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One year after Columbine: Lessons we have learned

April 19, 2000

Today marks the first anniversary of the killings of 13 students at Columbine High School in Littleton, Colorado, an event that capped a year's worth of shooting incidents at schools around the country.

Because the Columbine killings took place in an upscale suburb, and because the perpetrators lacked for nothing (in the material sense, anyway) the massacre forced the nation to confront the fact that what was unthinkable 20 or 30 years ago is all too possible now, and that crossing one's fingers and saying "That'll never happen here" was not sufficient protection.

Reactions took two forms, the first of which were in the legal arena. Legislatures across the country considered new restrictions on the possession and manufacture of firearms while some schools installed metal detectors and surveillance cameras, and hired security guards or deputies to patrol the halls.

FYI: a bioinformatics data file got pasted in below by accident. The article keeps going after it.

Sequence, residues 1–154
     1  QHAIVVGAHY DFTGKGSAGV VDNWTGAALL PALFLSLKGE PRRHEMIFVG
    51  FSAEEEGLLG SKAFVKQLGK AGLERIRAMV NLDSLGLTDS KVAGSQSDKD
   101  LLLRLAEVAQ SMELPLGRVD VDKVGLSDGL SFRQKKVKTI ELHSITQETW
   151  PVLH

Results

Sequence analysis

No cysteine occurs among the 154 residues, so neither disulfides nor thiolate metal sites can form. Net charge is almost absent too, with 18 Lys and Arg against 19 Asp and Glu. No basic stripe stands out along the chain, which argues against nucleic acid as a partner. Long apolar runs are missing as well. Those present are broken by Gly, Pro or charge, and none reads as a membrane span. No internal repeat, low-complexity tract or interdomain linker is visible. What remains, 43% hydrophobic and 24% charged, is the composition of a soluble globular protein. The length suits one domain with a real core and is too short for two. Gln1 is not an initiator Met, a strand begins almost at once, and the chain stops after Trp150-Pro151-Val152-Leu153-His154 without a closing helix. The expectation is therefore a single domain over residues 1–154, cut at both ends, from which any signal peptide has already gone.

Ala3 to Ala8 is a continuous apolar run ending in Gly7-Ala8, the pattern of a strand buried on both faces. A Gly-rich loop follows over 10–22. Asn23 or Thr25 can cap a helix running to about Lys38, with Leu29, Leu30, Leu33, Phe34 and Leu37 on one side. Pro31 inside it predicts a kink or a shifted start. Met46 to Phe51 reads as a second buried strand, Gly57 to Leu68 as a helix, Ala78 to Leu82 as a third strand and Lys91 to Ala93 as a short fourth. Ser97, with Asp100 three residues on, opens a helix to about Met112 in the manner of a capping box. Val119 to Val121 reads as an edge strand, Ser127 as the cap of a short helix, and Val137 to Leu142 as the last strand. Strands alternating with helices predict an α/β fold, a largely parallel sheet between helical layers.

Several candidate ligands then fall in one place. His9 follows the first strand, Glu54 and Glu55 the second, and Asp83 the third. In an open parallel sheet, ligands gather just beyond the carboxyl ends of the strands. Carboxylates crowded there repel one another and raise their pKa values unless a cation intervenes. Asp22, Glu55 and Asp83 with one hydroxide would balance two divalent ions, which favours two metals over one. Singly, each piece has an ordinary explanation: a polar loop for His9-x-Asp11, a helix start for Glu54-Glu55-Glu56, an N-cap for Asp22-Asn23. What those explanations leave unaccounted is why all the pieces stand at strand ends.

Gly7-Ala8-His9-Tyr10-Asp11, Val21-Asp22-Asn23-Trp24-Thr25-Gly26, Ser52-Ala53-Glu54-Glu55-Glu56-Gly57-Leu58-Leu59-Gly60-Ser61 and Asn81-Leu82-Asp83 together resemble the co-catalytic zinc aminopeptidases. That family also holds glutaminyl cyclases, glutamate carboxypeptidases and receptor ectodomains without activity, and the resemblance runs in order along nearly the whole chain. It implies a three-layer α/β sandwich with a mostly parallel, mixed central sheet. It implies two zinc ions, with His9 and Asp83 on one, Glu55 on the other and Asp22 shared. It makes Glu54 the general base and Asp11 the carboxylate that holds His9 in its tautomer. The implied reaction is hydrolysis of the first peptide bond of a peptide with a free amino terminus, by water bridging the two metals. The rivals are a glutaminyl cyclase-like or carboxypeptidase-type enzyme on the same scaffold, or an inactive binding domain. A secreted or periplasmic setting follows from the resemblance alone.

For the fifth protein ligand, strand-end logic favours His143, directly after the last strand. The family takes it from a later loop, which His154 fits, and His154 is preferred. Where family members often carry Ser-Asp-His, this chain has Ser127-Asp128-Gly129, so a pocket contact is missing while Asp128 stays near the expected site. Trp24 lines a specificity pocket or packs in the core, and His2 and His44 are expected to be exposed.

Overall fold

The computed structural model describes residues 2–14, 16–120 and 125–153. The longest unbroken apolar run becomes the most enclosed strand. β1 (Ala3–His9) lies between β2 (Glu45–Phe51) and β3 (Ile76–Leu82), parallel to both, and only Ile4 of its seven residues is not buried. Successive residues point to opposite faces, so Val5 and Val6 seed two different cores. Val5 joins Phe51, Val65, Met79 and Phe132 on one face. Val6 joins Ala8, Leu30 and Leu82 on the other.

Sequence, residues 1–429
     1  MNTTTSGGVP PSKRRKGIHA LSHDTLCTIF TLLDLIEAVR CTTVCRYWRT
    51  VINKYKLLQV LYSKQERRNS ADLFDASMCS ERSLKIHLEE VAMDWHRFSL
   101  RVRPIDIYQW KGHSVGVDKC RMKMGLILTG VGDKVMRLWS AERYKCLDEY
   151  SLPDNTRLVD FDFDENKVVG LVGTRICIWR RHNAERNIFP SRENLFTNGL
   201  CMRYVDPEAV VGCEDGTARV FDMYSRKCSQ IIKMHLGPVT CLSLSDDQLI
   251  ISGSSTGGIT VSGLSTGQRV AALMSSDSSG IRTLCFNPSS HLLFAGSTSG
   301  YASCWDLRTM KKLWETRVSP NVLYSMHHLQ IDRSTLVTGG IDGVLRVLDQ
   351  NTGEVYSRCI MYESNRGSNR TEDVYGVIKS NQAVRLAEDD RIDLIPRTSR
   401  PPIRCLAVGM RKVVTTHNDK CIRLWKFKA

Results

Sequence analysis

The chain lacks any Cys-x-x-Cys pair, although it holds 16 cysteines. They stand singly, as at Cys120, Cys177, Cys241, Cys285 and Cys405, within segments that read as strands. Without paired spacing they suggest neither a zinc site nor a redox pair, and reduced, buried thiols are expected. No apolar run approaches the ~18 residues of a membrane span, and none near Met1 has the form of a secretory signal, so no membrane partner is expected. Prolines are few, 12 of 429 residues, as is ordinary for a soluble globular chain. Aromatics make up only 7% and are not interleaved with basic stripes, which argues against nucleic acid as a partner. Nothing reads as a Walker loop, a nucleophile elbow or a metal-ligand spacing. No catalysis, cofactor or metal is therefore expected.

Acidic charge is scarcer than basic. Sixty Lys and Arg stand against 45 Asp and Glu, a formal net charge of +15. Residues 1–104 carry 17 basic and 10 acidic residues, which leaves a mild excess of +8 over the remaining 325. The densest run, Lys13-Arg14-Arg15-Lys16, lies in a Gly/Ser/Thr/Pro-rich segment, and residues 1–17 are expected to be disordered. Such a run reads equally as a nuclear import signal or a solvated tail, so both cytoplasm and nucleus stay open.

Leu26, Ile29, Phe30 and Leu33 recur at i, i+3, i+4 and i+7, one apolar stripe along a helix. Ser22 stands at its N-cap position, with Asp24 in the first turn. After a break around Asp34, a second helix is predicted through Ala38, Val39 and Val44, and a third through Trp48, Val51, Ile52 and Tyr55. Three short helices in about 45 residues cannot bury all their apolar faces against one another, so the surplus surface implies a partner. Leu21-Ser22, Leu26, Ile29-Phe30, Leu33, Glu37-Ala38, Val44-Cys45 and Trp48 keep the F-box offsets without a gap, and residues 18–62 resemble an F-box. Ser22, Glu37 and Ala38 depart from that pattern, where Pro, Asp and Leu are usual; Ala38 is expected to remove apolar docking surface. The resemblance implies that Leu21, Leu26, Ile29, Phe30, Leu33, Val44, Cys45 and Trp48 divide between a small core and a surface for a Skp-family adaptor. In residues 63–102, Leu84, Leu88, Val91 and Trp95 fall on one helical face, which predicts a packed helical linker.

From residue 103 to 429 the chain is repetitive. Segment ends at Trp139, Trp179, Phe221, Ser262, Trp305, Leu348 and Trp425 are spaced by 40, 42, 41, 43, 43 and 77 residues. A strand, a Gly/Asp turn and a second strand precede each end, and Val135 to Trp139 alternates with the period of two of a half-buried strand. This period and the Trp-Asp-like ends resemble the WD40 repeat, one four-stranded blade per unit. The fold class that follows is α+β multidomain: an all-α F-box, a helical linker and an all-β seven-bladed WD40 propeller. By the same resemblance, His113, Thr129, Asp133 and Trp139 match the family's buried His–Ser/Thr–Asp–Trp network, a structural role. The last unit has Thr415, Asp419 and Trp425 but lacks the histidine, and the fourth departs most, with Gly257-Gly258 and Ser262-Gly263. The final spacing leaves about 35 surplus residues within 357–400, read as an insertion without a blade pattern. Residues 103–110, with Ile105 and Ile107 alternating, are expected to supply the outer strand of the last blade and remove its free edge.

"Zero tolerance" policies against schoolyard threats of any kinds were enacted, to the point where students at one elementary school were recently disciplined for forming their hands into the shape of guns as they played cops-and-robbers on the playground.

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But there's also been a recognition that by themselves, the law and school rules won't get at the heart of this problem, the crux of which was defined by Knight-Ridder columnist Froma Harrop. In a 1999 commentary, Harrop made the point that the perpetrators in all these cases had become isolated - from their families, from the school community and society at large.

In recognition of that, many schools are taking pains to make contact, through counselors and teachers, with those students who seem to be on the fringe and alienated from the rest of the student body. And as detailed in a column elsewhere on this page by Amanda Frey, the Columbine massacre has sparked a spiritual movement as well.

But it would be a mistake to assign the job of dealing with Columbine's aftermath only to the schools and churches. Making sure that no youngster feels so disconnected from society that mass murder seems is credible option is the entire community's job.

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